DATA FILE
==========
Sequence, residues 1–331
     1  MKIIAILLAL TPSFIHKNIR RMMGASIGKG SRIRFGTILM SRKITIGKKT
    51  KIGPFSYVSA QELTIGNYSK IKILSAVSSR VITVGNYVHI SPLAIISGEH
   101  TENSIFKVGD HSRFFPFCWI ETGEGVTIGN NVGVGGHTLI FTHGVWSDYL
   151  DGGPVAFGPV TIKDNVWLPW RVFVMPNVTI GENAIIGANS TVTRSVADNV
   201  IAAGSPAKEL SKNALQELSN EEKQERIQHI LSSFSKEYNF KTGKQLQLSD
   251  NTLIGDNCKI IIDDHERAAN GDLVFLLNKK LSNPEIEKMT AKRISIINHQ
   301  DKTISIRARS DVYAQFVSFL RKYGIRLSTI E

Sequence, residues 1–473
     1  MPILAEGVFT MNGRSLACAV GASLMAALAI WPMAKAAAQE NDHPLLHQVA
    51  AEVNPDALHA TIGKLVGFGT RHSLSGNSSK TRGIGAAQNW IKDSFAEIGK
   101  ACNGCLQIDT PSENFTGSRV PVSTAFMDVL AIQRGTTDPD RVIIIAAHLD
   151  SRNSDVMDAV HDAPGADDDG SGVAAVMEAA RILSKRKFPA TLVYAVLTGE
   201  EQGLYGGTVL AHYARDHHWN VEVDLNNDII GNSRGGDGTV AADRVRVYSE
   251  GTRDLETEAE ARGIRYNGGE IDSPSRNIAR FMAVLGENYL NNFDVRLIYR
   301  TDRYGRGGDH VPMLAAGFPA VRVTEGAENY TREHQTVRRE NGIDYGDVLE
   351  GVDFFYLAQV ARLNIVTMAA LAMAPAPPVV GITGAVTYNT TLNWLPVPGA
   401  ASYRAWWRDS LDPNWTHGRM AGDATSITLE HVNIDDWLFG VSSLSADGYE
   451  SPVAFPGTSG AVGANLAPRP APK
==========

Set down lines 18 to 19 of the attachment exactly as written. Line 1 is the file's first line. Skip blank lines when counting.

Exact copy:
   401  ASYRAWWRDS LDPNWTHGRM AGDATSITLE HVNIDDWLFG VSSLSADGYE
   451  SPVAFPGTSG AVGANLAPRP APK